I ordered the Torqeedo on Tuesday, and Claude delivered it on Wednesday. And we installed it and it worked perfectly first time. What a breath of fresh to have things work as they should.
She was to be slipped at 4pm and so Claude brought the motor here early enough so we could go up the river beforehand and do some more tests.
This time we had three on board – the third being Phil from Dragon Song, one the inmates here at Monty’s, trapped here by contagious apathy. And this time I remembered to pull the centreboard up to reduce drag even more.
I added a piece of hardwood to the outboard bracket, which moved the mounting a little to the stern, and we adjusted the angle of the motor to what we thought to be most efficient.
Going with the tide we hit 7.5 knots, and the best we saw coming back was 5.9. This would suggest a current of 0.8 knots going upstream, and so that makes the still water speed 6.7 knots.
Later we tinkered with raising and lowering the centre-board and it makes a difference of 0.3 to 0.4 knots.
Because the well is open at the bottom, the water sloshes around, and when under lots of power it boils around in there, absorbing quite a lot of power. So there’s even more scope for better speed after I make a blocking wing to seal the hole.
And that’s the main reason she’s now out of the water on the trolly (again!). It’ll take quite a few days to figure out and build suitable wings or flaps to block the hole when the motor is up, and down. But it also gives me a chance to complete the repairs from the flood damage. Even on sunny days there’s a heavy dew till late morning, and this dampness has made it difficult to properly dry out the balsa core before doing the repairs. On the hard it will be easier to set up heater fans to get it properly dry.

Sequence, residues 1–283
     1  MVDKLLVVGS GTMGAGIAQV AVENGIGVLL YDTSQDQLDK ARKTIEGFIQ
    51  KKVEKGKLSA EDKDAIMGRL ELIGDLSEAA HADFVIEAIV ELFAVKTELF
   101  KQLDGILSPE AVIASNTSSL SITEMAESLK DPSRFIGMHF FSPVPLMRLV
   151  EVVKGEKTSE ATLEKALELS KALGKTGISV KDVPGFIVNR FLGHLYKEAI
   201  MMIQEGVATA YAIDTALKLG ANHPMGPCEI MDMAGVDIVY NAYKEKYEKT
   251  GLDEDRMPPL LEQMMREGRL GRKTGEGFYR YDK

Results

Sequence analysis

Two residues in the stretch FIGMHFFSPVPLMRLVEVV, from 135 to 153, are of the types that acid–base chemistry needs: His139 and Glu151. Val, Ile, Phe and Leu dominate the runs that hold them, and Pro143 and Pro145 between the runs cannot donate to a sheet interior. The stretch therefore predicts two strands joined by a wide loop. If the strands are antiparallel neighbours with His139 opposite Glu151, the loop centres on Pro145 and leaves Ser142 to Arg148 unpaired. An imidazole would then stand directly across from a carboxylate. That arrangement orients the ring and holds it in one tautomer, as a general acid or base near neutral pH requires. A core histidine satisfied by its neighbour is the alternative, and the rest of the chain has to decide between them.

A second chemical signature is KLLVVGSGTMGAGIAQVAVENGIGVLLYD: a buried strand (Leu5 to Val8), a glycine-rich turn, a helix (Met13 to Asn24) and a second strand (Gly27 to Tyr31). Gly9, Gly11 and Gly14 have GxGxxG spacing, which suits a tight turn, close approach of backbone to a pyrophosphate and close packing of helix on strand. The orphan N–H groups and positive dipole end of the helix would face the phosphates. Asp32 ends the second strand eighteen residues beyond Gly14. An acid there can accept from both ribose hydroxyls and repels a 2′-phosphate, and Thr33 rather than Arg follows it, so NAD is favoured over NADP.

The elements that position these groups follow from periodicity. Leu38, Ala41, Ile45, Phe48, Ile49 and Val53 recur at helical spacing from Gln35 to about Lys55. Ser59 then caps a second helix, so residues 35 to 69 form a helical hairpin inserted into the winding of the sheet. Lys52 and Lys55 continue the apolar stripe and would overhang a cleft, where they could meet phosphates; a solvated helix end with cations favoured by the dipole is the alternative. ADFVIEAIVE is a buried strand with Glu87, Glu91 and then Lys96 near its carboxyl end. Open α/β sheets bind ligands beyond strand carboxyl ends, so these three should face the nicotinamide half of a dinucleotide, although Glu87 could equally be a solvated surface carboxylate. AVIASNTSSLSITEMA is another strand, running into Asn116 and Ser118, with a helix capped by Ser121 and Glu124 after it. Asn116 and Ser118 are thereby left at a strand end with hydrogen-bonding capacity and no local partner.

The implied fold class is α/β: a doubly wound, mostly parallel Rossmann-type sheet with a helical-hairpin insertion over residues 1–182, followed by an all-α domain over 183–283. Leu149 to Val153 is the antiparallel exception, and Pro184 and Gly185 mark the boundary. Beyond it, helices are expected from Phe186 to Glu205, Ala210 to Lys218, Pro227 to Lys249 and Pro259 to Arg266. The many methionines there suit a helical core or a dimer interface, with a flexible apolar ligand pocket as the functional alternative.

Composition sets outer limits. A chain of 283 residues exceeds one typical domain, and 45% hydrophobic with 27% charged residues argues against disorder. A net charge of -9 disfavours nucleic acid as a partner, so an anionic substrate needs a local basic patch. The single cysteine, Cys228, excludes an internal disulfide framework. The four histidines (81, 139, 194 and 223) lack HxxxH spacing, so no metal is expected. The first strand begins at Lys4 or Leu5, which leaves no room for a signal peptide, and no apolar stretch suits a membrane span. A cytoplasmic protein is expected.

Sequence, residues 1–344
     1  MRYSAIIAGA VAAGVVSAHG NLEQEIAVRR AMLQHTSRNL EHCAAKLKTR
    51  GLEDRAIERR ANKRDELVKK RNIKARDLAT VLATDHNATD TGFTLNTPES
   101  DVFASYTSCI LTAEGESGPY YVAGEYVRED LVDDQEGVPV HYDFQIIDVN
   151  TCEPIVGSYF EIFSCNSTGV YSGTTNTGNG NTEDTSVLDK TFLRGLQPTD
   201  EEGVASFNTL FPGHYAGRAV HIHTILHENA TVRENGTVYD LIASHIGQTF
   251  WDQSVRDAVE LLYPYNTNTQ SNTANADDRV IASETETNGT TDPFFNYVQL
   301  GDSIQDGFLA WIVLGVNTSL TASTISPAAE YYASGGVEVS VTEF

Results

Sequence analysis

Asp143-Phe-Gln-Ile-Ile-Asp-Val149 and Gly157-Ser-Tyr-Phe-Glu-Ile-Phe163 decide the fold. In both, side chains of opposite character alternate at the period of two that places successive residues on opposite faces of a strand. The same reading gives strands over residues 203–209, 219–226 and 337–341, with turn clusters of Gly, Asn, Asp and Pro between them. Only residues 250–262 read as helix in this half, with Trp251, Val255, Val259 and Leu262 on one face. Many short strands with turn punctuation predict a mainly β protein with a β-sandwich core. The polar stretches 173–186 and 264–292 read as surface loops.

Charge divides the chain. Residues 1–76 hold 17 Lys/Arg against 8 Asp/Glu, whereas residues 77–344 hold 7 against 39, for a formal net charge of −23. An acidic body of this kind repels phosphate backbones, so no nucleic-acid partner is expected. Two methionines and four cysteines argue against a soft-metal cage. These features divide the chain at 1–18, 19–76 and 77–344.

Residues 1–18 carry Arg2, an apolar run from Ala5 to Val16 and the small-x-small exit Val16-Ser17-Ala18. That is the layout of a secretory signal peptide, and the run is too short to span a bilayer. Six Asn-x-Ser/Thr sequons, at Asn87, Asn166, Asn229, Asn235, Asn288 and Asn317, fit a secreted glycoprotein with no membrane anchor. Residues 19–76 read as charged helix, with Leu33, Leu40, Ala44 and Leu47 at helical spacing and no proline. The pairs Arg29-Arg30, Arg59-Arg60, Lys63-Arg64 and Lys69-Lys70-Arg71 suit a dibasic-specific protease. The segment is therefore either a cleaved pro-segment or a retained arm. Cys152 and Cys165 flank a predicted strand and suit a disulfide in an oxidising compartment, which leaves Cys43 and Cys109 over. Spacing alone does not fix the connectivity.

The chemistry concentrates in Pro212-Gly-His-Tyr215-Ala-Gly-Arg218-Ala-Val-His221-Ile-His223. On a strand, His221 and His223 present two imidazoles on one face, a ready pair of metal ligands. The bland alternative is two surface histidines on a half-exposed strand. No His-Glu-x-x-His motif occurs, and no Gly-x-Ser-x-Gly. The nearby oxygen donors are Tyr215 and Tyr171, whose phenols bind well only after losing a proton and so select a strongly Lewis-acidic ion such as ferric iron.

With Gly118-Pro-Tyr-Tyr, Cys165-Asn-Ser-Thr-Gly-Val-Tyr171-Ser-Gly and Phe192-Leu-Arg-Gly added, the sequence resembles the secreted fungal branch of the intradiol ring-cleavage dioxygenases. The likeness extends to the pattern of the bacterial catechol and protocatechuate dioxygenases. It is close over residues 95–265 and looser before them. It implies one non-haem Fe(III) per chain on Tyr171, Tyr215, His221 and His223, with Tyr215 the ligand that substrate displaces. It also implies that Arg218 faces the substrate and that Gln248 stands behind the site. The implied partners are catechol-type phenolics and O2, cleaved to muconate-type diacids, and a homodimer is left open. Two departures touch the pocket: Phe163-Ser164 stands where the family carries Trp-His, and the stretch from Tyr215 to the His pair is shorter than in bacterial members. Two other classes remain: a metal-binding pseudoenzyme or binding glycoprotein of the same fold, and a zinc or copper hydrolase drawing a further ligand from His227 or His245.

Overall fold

In the tests we tried the motor at different throttle settings and think we found a ‘sweet spot’ for this boat – at around 1500 watts she lopes along at around 4.5 knots. This is a nice speed, and the batteries have enough to energy to do this for 5 or 6 hours.
These figures confirm that this motor is about twice as efficient as the Epod. That is, at a particular speed I would get twice the range with the Torqeedo. Or looking at it another way, switching to the Torqeedo is equivalent to adding another bank of batteries. And at ten thousand dollars a bank, its a good investment huh.
The motor we tested a few days ago was off Claude’s boat, and the one I have now is new, out of the box. And its seems there’s slight differences in settings of the controller – because with this controller we saw much better power astern. This controller showed up to 3000 watts of power, so I’m pleased with that.
Claude suggests there’s more to it, because the controller is clever enough to sense when there is cavitation of the prop and it automatically reduces power to allow the prop to grip. And thats the effect we saw the other day with the lower readings. Understanding that better will have to wait until I’m back in the water.